Anxiety, pain, and nausea during the treatment of standard-risk childhood acute lymphoblastic leukemia: A prospective, longitudinal study from the Children's Oncology Group.

Author(s): Dupuis LL,  Lu X,  Mitchell HR,  Sung L,  Devidas M,  Mattano LA Jr,  Carroll WL,  Winick N,  Hunger SP,  Maloney KW,  Kadan-Lottick NS

Journal: Cancer

Date: 2016 Apr 1

Major Program(s) or Research Group(s): NCORP

PubMed ID: 26773735

PMC ID: PMC5138861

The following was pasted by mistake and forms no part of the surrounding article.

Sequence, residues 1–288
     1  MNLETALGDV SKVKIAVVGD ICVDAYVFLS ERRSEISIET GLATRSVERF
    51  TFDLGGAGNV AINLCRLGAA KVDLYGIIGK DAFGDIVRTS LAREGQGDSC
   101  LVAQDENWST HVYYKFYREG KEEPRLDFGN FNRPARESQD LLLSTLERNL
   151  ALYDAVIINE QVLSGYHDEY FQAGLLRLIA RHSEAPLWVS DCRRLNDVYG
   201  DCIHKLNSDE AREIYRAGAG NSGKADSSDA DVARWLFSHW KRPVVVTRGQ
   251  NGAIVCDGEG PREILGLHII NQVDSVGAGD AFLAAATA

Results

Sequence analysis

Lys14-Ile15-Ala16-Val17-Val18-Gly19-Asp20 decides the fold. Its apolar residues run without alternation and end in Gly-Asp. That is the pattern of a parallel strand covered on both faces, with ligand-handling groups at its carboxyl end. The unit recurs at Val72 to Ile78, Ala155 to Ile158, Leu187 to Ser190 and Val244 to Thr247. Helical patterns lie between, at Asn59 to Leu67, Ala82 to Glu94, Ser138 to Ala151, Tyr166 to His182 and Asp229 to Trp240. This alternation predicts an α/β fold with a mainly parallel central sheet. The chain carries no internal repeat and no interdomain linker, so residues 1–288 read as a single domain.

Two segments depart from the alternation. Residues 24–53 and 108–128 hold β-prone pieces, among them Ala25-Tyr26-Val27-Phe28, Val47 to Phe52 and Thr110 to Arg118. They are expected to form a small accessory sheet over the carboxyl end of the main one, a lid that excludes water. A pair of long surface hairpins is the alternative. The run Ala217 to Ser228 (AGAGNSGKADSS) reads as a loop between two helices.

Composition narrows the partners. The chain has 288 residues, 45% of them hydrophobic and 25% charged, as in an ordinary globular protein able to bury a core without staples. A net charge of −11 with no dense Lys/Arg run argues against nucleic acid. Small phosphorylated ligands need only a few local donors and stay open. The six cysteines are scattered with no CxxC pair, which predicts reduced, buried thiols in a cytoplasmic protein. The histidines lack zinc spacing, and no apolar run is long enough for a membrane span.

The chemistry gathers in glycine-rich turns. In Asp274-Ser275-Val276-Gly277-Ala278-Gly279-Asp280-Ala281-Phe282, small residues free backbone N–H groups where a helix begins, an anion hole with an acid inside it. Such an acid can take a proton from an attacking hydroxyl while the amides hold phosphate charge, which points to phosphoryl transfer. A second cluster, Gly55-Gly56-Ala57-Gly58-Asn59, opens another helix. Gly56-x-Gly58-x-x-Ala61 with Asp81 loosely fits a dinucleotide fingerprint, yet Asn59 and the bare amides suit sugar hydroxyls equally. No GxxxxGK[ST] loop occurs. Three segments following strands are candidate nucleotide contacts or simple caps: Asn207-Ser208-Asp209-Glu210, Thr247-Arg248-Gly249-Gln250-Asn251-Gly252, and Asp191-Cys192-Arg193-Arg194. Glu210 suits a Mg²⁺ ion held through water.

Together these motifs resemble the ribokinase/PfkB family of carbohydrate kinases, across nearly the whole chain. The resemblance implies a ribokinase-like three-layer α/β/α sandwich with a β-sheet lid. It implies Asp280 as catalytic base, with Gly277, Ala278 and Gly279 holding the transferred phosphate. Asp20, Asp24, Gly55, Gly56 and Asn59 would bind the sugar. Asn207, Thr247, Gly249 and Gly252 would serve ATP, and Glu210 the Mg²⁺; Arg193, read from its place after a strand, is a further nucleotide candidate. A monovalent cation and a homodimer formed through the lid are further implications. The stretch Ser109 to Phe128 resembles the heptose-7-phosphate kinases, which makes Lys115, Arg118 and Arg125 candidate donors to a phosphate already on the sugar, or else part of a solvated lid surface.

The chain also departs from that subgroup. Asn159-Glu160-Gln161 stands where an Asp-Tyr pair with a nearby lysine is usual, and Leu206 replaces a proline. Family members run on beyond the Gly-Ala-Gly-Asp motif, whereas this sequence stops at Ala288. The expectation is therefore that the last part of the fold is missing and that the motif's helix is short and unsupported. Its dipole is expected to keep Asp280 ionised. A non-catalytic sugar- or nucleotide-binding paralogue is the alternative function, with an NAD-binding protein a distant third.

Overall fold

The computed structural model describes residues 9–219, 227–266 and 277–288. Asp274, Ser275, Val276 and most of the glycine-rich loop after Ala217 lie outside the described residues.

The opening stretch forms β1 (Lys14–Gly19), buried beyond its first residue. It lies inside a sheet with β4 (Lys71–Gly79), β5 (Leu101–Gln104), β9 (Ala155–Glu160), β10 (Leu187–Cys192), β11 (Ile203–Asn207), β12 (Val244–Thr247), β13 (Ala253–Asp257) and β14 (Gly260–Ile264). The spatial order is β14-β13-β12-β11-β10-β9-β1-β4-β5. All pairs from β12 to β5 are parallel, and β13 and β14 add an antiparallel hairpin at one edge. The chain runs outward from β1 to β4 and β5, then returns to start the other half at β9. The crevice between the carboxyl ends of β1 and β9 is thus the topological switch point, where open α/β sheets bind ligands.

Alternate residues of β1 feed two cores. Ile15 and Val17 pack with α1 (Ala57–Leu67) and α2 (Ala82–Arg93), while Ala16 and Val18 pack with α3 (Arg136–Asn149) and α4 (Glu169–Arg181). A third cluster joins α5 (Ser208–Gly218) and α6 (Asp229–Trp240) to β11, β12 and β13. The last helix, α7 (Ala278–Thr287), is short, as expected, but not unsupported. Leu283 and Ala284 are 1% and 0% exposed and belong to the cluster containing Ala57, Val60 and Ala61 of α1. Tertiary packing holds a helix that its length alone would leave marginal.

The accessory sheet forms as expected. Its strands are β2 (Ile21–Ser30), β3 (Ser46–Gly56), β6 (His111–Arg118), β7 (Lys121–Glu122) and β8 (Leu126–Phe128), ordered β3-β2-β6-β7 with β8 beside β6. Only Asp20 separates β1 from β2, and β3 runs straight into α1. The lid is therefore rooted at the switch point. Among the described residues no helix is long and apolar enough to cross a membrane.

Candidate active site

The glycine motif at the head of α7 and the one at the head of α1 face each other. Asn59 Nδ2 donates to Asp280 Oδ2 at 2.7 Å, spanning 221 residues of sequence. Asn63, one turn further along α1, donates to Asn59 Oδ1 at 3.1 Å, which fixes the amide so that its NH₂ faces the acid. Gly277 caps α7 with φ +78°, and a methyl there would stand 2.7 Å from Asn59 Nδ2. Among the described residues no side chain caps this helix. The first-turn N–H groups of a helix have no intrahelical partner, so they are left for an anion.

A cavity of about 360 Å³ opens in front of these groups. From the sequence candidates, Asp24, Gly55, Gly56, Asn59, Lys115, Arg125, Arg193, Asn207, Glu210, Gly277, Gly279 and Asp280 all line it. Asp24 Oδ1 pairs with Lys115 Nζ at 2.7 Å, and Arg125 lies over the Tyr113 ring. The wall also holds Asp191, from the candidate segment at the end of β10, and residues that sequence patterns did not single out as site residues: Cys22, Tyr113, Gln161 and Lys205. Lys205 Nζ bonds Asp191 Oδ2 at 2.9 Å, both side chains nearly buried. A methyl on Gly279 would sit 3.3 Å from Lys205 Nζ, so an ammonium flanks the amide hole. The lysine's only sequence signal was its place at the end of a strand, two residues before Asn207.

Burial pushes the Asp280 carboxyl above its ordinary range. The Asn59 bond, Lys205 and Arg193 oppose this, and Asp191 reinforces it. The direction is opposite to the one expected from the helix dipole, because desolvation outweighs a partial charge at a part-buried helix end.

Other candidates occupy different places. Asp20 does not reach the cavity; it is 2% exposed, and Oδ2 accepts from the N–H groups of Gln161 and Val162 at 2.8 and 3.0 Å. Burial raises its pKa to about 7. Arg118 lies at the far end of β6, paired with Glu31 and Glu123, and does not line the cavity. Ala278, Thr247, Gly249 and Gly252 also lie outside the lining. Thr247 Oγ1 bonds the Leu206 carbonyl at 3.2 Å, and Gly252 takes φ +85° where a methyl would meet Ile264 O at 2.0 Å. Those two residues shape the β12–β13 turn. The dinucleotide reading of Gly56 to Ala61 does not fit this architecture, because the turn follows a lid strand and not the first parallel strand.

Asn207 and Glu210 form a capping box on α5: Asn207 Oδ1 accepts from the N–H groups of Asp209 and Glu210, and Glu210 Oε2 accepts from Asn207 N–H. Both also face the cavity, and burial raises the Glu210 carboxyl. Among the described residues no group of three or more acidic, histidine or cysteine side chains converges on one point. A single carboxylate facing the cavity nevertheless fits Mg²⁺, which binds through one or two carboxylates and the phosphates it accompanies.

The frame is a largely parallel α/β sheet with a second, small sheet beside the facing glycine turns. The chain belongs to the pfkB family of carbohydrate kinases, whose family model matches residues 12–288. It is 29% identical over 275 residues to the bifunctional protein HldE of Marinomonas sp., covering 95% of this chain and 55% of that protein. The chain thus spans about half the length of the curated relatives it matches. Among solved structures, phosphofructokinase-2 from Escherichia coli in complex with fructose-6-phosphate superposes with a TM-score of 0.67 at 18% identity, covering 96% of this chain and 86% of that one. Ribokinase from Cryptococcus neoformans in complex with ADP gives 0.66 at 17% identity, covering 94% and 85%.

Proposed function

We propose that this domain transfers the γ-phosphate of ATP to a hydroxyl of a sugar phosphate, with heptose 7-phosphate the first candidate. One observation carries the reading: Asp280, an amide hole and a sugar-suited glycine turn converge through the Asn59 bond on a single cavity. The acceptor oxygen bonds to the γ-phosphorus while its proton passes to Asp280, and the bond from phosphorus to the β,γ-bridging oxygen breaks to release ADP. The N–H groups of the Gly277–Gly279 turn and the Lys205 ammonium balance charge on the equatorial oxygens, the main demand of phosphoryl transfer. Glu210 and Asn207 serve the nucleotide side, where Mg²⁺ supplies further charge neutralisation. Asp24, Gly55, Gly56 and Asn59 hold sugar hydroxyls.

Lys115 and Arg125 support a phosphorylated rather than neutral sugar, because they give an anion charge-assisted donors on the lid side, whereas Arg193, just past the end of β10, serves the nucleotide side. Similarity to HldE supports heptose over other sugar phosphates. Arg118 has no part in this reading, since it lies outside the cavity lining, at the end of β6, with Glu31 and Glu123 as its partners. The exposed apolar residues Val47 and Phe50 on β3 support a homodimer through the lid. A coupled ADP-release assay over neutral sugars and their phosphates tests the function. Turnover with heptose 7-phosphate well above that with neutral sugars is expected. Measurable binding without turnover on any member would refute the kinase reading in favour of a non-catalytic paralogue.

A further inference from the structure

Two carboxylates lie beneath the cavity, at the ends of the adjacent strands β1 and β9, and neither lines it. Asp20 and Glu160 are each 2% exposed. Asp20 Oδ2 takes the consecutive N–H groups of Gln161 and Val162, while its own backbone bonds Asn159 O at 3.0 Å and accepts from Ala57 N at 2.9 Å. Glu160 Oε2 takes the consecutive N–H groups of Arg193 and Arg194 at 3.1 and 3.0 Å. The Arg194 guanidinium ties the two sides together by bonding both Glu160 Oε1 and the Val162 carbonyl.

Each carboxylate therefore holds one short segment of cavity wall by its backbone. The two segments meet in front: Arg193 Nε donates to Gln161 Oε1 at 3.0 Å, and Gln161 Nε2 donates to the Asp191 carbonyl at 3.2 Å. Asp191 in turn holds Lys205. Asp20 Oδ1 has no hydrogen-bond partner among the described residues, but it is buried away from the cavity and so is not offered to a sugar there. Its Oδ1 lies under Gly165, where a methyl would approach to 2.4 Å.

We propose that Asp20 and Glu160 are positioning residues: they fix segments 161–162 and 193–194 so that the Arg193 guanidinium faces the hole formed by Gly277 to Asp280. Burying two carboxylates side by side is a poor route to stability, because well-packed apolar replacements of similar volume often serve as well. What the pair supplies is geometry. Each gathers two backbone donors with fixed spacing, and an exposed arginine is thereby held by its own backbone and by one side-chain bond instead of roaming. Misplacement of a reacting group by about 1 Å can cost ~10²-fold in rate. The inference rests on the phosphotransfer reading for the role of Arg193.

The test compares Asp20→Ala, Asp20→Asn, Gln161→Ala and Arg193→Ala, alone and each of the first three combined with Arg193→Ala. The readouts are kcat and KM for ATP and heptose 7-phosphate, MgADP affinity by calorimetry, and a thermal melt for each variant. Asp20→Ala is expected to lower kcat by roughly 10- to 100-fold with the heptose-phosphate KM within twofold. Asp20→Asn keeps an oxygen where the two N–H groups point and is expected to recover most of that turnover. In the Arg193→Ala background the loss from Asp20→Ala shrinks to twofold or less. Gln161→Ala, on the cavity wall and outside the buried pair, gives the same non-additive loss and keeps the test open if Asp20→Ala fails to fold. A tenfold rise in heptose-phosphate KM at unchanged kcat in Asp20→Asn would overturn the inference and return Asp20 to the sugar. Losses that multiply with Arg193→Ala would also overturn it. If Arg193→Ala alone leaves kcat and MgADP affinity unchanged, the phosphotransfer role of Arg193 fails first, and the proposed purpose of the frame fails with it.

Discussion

Abstract: BACKGROUND: This prospective study describes the procedure-related anxiety, treatment-related anxiety, pain, and nausea experienced by children with standard-risk acute lymphoblastic leukemia (ALL) during the first year of treatment. METHODS: This study was undertaken at 31 Children's Oncology Group (COG) sites. Eligible children who were 2 to 9.99 years old were enrolled in a COG trial for patients with newly diagnosed standard-risk ALL from 2005 to 2009. Parents completed a demographic survey at the baseline and the Pediatric Quality of Life Inventory 3.0 Cancer Module (proxy version) and the General Functioning Scale of the Family Assessment Device 1, 6, and 12 months after the diagnosis. The association between patient-related (age, sex, ethnicity, and treatment), parent-related (marital status and education), and family-related factors (functioning, income, and size) and symptom scores was evaluated. RESULTS: The mean scores for procedure-related anxiety, treatment-related anxiety, and pain improved during the first year of treatment (P < .0389). The mean nausea score was poorer 6 months after the diagnosis in comparison with the other assessments (P = .0085). A younger age at diagnosis was associated with significantly worse procedure-related anxiety (P = .004). An older age (P = .0002) and assignment to the intensified consolidation study arm (P = .02) were associated with significantly worse nausea. CONCLUSIONS: Children with ALL experienced decreasing treatment-related anxiety, procedure-related anxiety, and pain during the first year of treatment. In comparison with scores at 1 and 12 months, nausea was worse 6 months after the diagnosis. Minimization of procedure-related anxiety in younger children and improved nausea control in older children and those receiving more intensified treatment should be prioritized.